The venue was the Variety Playhouse in Little Five Points, Atlanta. It was the Fall of 2002. Onstage was Jerry Jeff Walker, a stalwart of Outlaw Country Music and the writer of an American classic “Mr Bojangles.” Among the crowd, jam-packed into the small venue, were two good ole boys. During the gig they constantly got up to refresh, returning to the stage-front with a can of beer in hand. The T-shirt worn by one simply said: “Take Me Drunk I’m Home.”
This charming encounter said as much about the man on stage than it did about the two characters who were there to see one of the most endearing troubadours in Americana music.
For Jerry Jeff Walker, who died aged 78 on October 23, was one of the most affable singer-songwriters on the music scene, loved by fans and fellow musicians alike. He was born Ronald Clyde Crosby in New York State and began playing music as a teenager. He soon headed to the Florida Keys and New Orleans, where he took his stage name.
It was while he was detained in a New Orleans “drunk tank” that he was inspired to write a song about a down-and-out street entertainer who called himself Mr Bojangles (nickname of famed dancer Bill Robinson). The song got instant attention when Walker first recorded it in 1968 for his album by the same name. But it was to become an international hit when the Nitty Gritty Dirt Band released it two years later and it would be covered by some of the biggest names in music, from Bob Dylan to Sammy Davis Jr.
It was always assumed that the homeless tap-dancing drifter Jerry Jeff met in the early 1960’s was a black man. But in his autobiography, Gypsy Songman, Walker made it clear the man was white. He could not have been black, said Jerry Jeff, as the police cells in the south in those days were segregated. Whatever the origins, "Mr Bojangles" has a special place in musical history and contains one of the great refrains in music.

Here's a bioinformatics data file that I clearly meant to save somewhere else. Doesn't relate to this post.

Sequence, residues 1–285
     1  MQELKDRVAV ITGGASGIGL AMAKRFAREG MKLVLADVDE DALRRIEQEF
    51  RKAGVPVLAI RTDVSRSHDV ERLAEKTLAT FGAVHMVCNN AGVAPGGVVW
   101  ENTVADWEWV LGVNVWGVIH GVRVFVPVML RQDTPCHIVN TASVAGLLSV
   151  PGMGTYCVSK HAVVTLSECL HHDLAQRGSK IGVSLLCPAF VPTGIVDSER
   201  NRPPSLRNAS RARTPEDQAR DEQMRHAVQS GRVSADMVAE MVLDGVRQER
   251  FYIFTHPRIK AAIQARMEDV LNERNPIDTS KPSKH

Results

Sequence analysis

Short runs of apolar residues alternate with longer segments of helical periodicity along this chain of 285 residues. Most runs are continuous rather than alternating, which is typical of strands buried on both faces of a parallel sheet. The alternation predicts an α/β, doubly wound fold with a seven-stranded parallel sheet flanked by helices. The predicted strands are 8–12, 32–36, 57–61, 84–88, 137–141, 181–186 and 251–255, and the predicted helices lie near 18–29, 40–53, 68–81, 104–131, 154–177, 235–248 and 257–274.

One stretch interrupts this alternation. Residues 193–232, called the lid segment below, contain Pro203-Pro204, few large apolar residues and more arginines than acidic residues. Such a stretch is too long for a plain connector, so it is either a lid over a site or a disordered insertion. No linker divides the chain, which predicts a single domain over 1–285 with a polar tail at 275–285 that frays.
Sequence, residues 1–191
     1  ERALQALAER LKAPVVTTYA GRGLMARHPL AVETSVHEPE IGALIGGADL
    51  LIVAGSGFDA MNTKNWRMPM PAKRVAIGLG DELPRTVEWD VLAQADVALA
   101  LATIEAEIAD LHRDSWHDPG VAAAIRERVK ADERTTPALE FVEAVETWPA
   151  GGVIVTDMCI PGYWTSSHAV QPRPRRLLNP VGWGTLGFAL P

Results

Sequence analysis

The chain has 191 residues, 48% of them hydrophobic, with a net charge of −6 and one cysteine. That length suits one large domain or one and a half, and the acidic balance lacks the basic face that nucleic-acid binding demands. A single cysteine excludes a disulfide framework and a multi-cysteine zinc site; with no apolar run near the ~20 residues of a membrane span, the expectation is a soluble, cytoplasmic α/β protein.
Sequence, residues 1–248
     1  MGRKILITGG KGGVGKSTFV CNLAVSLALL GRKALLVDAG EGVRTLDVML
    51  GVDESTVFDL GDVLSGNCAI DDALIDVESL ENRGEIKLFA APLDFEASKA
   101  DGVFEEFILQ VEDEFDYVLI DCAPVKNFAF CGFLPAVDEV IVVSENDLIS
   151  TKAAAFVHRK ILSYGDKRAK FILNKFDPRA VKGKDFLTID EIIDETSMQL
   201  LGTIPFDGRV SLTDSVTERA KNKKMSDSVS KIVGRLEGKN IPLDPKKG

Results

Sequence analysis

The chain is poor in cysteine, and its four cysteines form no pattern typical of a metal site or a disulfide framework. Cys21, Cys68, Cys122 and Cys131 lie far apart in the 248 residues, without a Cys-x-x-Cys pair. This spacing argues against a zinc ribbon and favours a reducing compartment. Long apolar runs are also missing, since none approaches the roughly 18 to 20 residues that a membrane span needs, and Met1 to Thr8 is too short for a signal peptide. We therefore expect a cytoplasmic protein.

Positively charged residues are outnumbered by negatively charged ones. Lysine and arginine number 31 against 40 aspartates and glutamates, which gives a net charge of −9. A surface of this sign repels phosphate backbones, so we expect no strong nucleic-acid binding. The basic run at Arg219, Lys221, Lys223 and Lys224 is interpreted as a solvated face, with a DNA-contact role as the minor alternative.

He shook his head and as he shook his head
I heard someone ask please
One of the first tributes to Jerry Jeff came from Americana star Jason Isbell, who tweeted: “Me and Amanda Shires were backing up Todd Snider one night in Austin and Jerry Jeff jumped up and did “Mr Bojangles” with us, and he took his shoes off when he got onstage so he could dance. RIP Jerry Jeff.”
After the success of “Mr Bojangles”, Jerry Jeff headed to Austin, the music capital of Texas, where he would remain for the rest of his life. He soon became established in the famous Texas Outlaw Country Music scene, alongside the likes of Willie Nelson, Waylon Jennings and Ray Wylie Hubbard.
Asleep at the Wheel’s Ray Benson told the Tennessean that apart from Nelson, Jerry Jeff was the most important Austin musician. “He really brought that folksinger/songwriter form to its height in Texas. And for that, he’ll be eternal.”
It was Hubbard’s outlawish “Up Against the Wall Redneck Mother” that provided Jerry Jeff with a signature track on what would be regarded as his landmark album Viva Terlingua!, recorded live at the Luckenbach Dancehall in Luckenbach, Texas, on August 18, 1973. Other covers of note among the nine tracks were Gary P. Nunn’s “London Homesick Blues” and a wonderful - yet somewhat subdued -version of the Guy Clark classic “Desperadoes Waiting for a Train.”
Nunn was a key member of Lost Gonzo Band which backed Jerry Jeff during the live recording and the rock-blues-Mexican style they produced became known as the “gonzo country” sound. The band, with varying members, continued to back Walker during his long career.
There was a twist in the tale of Viva Terlingua when, some 33 years later, several original members of Lost Gonzo Band – joined by the likes of Austin favourites Cory Morrow and Jimmy LaFave - recorded a nearly track-for-track remake called Viva Terlingua! Nuevo. Walker took legal action over the album and it was eventually released in March 2007, but with the name changed to Viva Terlingua! Compadres!
Viva Terlingua was one of ten albums Jerry Jeff released for MCA records from 1970 until 1982. (There were two recorded for Elektra/Asylum in 1978-79). But he gave up on mainstream music companies in 1986 when he formed his own independent record label Tried & True Music. His last album It’s About Time was released in 2018, a year after he was first diagnosed with throat cancer.
Jerry Jeff’s “musician-of-the-people” reputation was further enhanced by his annual birthday celebration at one of Austin’s music halls. These events usually featured some of the biggest names in country music who would happily sing and swap stories with the legendary musician in front of adoring crowds – like the Atlanta good ole boys!
Jerry Jeff Walker is survived by his wife Susan, son Django and daughter Jessie Jane.
Editor – Crossroads Americana Music Appreciation